The general methodology that we teach in the I.D. Studio is commonly referred to as "Design Thinking". Design Thinking has emerged as a best-practice set of methods and mindset, wherein traditional analytical skills are merged with creative, divergent thinking skills in an intentionally structured, yet highly flexible and dynamic process. Design Thinking reflects ideas, behaviors, and wisdom from a wide variety of fields including psychology, anthropology, art, business, design - and virtually every other field of study or practice.
Design Thinking can be applied to many contexts and disciplines – from business, to government and non-profit. It is often used to identify new product and service concepts and business models, but is equally relevant to other problem solving contexts such as process improvement and new venture creation. Generally speaking, Design Thinking is best applied in situations in which the problem, or opportunity, is not well defined, and/or a breakthrough idea or concept is needed.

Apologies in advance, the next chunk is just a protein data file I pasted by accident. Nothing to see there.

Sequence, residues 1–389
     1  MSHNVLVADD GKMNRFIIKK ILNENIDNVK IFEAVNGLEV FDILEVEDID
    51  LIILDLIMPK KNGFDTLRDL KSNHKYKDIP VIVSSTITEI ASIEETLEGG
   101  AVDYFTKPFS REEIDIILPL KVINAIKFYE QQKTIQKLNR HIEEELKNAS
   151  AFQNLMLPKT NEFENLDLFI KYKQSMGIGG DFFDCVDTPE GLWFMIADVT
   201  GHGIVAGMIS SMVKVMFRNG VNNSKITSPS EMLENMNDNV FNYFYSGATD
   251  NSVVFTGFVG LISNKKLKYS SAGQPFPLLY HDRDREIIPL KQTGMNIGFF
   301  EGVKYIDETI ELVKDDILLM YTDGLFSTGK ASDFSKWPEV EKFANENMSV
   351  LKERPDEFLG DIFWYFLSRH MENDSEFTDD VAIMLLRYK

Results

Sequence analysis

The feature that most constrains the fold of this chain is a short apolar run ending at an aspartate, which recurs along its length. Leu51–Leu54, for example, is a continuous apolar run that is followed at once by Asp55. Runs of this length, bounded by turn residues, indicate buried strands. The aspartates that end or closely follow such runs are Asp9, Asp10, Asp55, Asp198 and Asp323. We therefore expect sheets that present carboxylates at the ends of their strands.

Interested in learning more about Design Thinking? Check out the book co-edited by W&M professors Michael Luchs and Scott Swan.
We believe that Design Thinking is best taught in a studio where participants are guided through experiential activities that promote active, group-based exploration of a problem or opportunity. In the I.D. Studio, students learn to use empathic research methods, structured idea generation, and an iterative approach to prototyping concepts and soliciting feedback.
Watch the 2 minute video below to get a sense of what we do, and how we learn, in the I.D. Studio.